Rare Earth conference in Las Vegas – how to build an ex-China supply chain

Rare Earth conference in Las Vegas – how to build an ex-China supply chain

Project Blue joined the Metal Events 18th International Rare Earth conference in Las Vegas. The first time going west for the conference attracted a large US delegate representation.

Blue View

The conversation focussed on the political agenda for rare earth elements (REEs): China dominance and building an independent supply chain. Project Blue kicked off the conference by defining the landscape of critical materials and the role that rare earths play within the energy transition narrative. The interest in rare earths has been piqued through the use of neodymium-iron-boron (NdFeB) magnets, which are enabling energy efficiency in motors and generators, specifically in the drivetrain of electric vehicles (EVs). While the outlook for rare earths in energy transition is agreed to be very positive, there are still several questions about what the supply chain landscape will look like.

Speakers at the event highlighted, that since the 2010 price spikes for rare earths that emphasised China’s dominance and hold over the industry, it has only been Lynas Rare Earths in Australia that has managed to establish any significant position in the industry – with difficulties along the way as per notes from the company itself. Nevertheless, a myriad of projects remains and the latest released timelines from several of these are targeting a 2025-2027 production start. But how many of these projects will be successful and is the market sufficiently different to 2010 to encourage investment? Only a handful of rare earth separation projects have been announced and even smaller volumes for magnet production, without which mine projects are limited to feeding a Chinese supply chain.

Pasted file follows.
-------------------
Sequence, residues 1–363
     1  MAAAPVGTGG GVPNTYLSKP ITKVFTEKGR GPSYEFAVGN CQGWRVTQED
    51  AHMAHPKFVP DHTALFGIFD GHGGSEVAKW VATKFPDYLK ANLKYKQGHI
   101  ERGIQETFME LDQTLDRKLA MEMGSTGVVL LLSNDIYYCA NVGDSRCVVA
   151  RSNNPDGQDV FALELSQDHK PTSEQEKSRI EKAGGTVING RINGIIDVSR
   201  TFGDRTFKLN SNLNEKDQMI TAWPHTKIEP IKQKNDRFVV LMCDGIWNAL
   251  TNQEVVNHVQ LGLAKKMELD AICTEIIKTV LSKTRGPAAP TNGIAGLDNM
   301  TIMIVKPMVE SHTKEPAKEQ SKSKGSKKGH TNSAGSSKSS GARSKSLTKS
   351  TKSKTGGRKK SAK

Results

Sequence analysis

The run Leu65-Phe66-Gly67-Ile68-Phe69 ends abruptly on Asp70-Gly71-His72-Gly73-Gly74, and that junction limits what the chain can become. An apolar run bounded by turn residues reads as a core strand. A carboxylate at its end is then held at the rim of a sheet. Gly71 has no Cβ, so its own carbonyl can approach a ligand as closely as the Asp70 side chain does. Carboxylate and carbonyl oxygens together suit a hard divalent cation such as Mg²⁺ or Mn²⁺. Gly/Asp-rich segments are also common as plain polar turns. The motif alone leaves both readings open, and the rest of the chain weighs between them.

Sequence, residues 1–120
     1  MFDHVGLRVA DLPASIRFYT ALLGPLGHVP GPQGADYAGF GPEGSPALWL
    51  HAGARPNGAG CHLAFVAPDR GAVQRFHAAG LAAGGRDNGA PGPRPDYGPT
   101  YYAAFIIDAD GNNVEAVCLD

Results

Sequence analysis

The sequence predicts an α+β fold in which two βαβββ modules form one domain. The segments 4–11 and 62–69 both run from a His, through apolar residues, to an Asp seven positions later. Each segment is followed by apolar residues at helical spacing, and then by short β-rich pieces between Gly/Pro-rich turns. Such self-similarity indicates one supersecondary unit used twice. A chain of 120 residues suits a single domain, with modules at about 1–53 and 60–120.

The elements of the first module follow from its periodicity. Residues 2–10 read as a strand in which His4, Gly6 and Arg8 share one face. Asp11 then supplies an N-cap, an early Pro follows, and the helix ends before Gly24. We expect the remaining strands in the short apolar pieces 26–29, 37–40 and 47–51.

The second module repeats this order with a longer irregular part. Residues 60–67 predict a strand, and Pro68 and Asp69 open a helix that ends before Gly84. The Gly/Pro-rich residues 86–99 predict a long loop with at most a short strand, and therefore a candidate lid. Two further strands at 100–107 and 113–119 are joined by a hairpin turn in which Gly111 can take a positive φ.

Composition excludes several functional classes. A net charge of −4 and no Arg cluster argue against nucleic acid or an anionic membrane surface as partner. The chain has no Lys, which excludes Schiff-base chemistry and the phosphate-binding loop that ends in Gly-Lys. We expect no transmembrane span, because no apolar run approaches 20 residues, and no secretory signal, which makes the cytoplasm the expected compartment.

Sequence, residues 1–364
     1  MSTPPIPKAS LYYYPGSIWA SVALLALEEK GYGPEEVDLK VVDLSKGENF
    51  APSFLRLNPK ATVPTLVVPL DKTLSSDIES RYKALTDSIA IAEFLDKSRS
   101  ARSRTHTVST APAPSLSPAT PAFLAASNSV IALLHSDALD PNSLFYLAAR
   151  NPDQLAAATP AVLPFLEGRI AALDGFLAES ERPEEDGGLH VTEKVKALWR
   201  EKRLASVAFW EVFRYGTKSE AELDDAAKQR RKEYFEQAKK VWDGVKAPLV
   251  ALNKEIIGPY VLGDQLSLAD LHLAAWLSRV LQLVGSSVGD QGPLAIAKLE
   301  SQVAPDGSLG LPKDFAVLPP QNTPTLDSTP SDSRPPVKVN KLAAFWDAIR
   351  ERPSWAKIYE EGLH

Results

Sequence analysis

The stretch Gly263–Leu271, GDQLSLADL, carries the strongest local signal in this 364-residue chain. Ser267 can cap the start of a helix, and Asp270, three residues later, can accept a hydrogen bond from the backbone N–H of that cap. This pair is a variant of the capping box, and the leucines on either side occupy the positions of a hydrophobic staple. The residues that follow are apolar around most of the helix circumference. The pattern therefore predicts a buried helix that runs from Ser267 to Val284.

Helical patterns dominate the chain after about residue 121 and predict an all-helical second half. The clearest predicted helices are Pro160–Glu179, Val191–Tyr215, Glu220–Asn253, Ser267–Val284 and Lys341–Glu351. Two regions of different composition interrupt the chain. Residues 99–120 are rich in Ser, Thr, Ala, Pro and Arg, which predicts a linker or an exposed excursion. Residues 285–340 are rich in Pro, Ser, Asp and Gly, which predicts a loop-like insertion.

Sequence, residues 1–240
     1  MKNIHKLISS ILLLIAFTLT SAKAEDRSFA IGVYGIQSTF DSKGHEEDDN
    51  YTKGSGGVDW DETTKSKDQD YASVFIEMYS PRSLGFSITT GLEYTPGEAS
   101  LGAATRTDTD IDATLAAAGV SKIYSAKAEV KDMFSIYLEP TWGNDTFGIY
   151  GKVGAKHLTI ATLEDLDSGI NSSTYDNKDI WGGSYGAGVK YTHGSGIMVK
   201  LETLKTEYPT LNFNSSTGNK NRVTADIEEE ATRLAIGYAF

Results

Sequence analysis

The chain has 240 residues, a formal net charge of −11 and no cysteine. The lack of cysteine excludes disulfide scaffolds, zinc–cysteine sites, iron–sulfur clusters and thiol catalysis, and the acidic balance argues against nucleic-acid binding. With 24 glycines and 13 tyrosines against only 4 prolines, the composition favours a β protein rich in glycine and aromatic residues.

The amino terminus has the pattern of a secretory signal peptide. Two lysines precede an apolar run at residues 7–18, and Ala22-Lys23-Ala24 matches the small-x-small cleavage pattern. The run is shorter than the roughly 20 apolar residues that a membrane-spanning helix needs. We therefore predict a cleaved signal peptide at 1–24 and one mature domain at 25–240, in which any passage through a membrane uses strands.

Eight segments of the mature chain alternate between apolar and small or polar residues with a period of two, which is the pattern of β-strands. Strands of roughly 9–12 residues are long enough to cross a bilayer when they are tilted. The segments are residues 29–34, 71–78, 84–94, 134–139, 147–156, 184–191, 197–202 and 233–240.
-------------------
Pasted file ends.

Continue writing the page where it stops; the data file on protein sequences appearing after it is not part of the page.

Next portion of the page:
Looking at the global supply-demand balance, there is a need for more material to enter the market and China has been looking beyond its borders for feed. However, earlier this year, China reminded the industry of its large resource through a significant ramp-up in production quotas and that the magnet supply chain is its core target for growth – in line with the country’s latest overall five-year plan. This begs the question if political agendas in the EU and USA can support growth in magnet production supply chains.

The industry is paying close attention to MP Materials in the USA, which has become the largest mine producer of REEs outside of China. MP Materials, however, has Chinese ownership and is currently supplying all its rare earths to China, for a healthy financial position, while the company expands downstream with support from the US Department of Defense. If MP Materials manages to redirect its feed to a domestic US supply chain, will there be enough magnet capacity in the pipeline for other projects targeting ex-China supply chains to join?

The conversation included addressing the risk of substitution. With automotive OEMs well along the way to ramping up EV production lines, can rare earth supply chains outside of China support this growth, or will OEMs have to remain customers of Chinese magnet producers? (yes they will.) Other technologies exist and non-rare-earth motors have been developed, however, at a cost of efficiency. The supply-demand balance for rare earths is also not only contingent on new supply meeting demand, but also on technological developments in magnet making together with motor design that can help improve sustainable development.

The summary of the conference was that the industry has managed to improve its understanding of rare earth supply and demand dynamics, but if it is enough to help move independent supply chains across the line remains uncertain.

  • 24 Oct 2022
  • USA
  • Light rare earths
  • Heavy rare earths
  • REE magnets
  • Magnets & Motors

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